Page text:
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Monday Master Class: A Crash Course in Student Time Management

June 30th, 2008 · 7 comments

Productivity GlueClock

I dispense a lot of academic advice on this blog. I’ve dived into the details of note-taking and exam review and paper writing. Loyal readers can casually toss around acronyms like Q/E/C and Q&R, and chat lightly about focused question clusters and flat outlines. These strategies make the academic piece of college life easier. Underpinning this advice, however, and acting as the productivity glue that holds everything together, is the arguably most crucial component: time management.

If you can’t control your time, the smartest study strategies in the world won’t help you. As you might expect, I talk a lot about time management. (Indeed, an entire third of How to Become a Straight-A Student is dedicated to the topic.)

With this in mind, I’ve rounded up some of the best Study Hacks time management articles of the past year. If you’re having trouble keeping a handle on your schedule, hopefully you’ll find the help you need in the advice presented below.

A Study Hacks Crash Course in Student Time Management

Getting Things Done for College Students
The final article in a series that adapts David Allen’s GTD system to the specific demands of college life. This basic philosophy has provided the backbone of my task management system for at least four years now.

The Visual Panic Schedule
A simple technique for turbo-charging your time management during busy periods. It’s how I survive the end of the semester crunch.

The Auto-Pilot Schedule
The cornerstone of any efficient student’s time management system: fix your regular work to a regular schedule that frees you from having to think about when (or if) to do it. I can’t under-emphasize the stress reduction this approach provides.

Fixed-Schedule Productivity
Do you feel overwhelmed by all the work, and activities, and random crap that clogs your schedule? Read this article. The basic idea is to start with the workload you want, then ruthlessly cut, reduce, and cancel until you achieve it. Skeptical? It’s what has allowed me to work a 9 to 5, weekday-only schedule in one of the world’s most intense graduate programs.

Time Arbitrage
Not all time is created equal. This article teaches you how to rearrange your hours so that the activities that need the most attention get the spot in your schedule that can best provide it. Adopting this mindset can significantly reduce the number of hours you work without reducing the work accomplished.

Pseudo-Work Does Not Equal Work
This popular articles lays out the philosophy of pseudo-work: the hidden killer of student schedules. The core idea is simple: hours alone mean nothing. You have to factor in your intensity of focus. If you’re not managing your energy, and studying in long, fatigue-saturated, late-night marathons, you’re not really getting much done.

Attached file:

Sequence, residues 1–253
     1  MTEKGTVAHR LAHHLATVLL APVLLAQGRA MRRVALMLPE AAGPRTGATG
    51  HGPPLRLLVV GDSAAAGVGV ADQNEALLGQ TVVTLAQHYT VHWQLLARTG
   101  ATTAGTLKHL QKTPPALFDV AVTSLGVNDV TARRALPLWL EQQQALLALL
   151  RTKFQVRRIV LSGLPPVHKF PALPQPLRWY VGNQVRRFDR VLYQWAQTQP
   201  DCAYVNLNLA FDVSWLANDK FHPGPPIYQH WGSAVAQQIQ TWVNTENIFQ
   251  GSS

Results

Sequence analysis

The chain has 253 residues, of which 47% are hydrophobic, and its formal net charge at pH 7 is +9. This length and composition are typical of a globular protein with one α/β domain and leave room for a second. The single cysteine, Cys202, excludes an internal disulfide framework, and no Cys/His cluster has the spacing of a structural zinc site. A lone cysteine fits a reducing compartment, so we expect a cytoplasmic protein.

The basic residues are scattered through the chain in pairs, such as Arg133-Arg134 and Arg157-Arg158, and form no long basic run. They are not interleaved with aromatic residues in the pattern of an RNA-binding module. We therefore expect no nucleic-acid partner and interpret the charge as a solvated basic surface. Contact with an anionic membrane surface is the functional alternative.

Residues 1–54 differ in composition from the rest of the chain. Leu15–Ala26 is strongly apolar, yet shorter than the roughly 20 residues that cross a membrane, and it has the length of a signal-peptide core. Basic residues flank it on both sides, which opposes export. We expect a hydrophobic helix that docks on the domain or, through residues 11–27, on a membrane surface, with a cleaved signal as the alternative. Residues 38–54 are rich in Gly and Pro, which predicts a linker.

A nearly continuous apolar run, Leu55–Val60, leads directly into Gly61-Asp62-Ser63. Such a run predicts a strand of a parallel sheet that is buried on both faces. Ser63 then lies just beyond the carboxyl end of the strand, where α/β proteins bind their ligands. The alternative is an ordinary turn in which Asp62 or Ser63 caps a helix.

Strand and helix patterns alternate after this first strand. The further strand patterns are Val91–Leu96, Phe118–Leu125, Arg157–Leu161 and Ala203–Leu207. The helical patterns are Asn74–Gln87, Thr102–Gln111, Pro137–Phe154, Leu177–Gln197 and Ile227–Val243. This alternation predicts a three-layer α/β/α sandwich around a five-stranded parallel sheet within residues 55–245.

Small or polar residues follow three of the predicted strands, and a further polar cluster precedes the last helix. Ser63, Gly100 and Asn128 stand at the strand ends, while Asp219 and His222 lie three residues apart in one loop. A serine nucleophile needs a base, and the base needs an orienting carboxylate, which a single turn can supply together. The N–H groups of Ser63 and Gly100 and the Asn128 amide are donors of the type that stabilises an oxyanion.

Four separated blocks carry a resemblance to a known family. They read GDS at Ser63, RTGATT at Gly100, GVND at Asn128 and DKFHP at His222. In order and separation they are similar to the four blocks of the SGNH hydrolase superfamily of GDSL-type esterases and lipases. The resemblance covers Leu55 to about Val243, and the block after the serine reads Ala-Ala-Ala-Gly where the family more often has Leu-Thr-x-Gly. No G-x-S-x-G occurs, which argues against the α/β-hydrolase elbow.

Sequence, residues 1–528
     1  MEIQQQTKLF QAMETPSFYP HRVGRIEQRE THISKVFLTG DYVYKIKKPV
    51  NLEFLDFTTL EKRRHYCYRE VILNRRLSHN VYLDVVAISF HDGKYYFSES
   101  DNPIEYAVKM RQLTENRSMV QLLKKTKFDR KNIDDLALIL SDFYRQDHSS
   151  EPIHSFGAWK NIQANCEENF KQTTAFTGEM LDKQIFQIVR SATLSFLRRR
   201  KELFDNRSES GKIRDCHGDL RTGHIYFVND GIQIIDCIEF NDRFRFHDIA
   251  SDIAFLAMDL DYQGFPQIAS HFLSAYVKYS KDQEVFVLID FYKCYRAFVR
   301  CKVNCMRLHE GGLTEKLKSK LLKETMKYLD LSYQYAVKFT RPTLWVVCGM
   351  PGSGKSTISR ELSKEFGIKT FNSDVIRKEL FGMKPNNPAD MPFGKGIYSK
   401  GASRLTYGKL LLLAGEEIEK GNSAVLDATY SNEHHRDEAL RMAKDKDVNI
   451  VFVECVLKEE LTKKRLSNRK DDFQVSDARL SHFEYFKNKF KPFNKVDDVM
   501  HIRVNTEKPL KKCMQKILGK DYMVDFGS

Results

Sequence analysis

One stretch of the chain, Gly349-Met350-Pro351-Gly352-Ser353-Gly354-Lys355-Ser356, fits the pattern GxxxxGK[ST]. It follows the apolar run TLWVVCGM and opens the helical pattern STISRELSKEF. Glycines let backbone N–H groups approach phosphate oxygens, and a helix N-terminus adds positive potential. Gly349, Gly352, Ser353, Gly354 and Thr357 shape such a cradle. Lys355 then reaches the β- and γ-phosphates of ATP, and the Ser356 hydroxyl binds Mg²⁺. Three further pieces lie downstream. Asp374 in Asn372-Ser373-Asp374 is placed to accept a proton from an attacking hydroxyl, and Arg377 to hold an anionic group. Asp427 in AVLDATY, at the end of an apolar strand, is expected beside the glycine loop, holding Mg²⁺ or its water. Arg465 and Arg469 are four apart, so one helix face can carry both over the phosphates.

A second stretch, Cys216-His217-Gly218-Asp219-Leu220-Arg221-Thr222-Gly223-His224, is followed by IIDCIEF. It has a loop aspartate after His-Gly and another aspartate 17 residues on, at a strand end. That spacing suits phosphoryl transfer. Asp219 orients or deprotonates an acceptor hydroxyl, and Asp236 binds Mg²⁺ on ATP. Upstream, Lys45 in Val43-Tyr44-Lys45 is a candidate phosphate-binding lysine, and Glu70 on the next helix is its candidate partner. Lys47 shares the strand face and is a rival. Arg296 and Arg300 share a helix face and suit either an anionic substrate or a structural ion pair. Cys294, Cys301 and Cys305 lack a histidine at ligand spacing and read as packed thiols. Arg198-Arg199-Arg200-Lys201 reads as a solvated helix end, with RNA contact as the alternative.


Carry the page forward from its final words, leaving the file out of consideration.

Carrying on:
Don’t Use a Daily To-Do List
To-do lists by themselves are terrible time management tools. This articles introduces time-blocking, the only reasonable way for a student to plan his or her day.

A Time Management System for Students Who Are Terrible at Time Management And Tend to Hate it More Than Slow Torture Involving Electrical Current and Sensitive Anatomy.
An article from the early days that walks through a drop-dead simple system for students who are terrible at time management…but need something that’s better than nothing. I like to think of this as a solid first step toward a magic world of auto-piloted, fixed-scheduled, GTDCS super-studentdom.

Apply the Weakest Link Theory to Time Management
An important — though under-appreciated — article that focuses on a often overlooked piece of any time management system: how hard it is to restart after you fall of the wagon. (The savvy reader will appreciate the irrelevant, Malcolm Gladwell style, too long narrative-driven introduction. I believe it involves the space shuttle…for some reason.)

7 thoughts on “Monday Master Class: A Crash Course in Student Time Management

  1. Dan says:

    For implementing GTD you might try out this web-based application:

    http://www.gtdagenda.com

    You can use it to manage your goals, projects and tasks, set next actions and contexts, use checklists, schedules and a calendar.
    A mobile version is available too.

    As with the last update, now you can add or invite Contacts, and share your Projects and Contexts with them.

    Hope you like it.

  2. JP Adams says:

    Time Management techniques are paramount.

    With their application however comes stress (particularly in the early days).

    This tool helped lower my stress level: Structured Procrastination.

    http://www.structuredprocrastination.com/

  3. Relating to this Master Class and your previous post that ‘starting is overrated’, it’s worth noting the following great piece from the Psychology Today blog:

    http://blogs.psychologytoday.com/blog/dont-delay/200806/i-can-start-manuscript-next-week-cant-i

  4. Study Hacks says:

    Relating to this Master Class and your previous post that ’starting is overrated’, it’s worth noting the following great piece from the Psychology Today blog:

    Martin, that’s a fascinating study. I’m particularly intrigued by the important role of “clarity.” I think this captures part of the danger of just getting started on some massive new pursuit: without clarity about how things might unfold, procrastination will become a bigger and bigger problem.

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